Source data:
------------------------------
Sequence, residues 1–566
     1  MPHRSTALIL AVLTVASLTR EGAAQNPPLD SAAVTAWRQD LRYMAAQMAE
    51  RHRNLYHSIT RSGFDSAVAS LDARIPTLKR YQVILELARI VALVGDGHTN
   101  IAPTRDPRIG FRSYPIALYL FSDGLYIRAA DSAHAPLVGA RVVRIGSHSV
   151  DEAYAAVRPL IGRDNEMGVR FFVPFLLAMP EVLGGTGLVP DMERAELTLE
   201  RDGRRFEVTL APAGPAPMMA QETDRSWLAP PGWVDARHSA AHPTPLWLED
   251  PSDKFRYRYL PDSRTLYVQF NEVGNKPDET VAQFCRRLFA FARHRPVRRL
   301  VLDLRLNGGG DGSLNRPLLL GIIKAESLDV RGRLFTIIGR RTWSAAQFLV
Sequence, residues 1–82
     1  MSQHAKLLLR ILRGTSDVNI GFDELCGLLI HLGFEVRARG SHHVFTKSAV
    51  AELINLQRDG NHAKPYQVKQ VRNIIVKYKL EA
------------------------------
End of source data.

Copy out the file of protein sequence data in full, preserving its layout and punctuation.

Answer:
Sequence, residues 1–566
     1  MPHRSTALIL AVLTVASLTR EGAAQNPPLD SAAVTAWRQD LRYMAAQMAE
    51  RHRNLYHSIT RSGFDSAVAS LDARIPTLKR YQVILELARI VALVGDGHTN
   101  IAPTRDPRIG FRSYPIALYL FSDGLYIRAA DSAHAPLVGA RVVRIGSHSV
   151  DEAYAAVRPL IGRDNEMGVR FFVPFLLAMP EVLGGTGLVP DMERAELTLE
   201  RDGRRFEVTL APAGPAPMMA QETDRSWLAP PGWVDARHSA AHPTPLWLED
   251  PSDKFRYRYL PDSRTLYVQF NEVGNKPDET VAQFCRRLFA FARHRPVRRL
   301  VLDLRLNGGG DGSLNRPLLL GIIKAESLDV RGRLFTIIGR RTWSAAQFLV
Sequence, residues 1–82
     1  MSQHAKLLLR ILRGTSDVNI GFDELCGLLI HLGFEVRARG SHHVFTKSAV
    51  AELINLQRDG NHAKPYQVKQ VRNIIVKYKL EA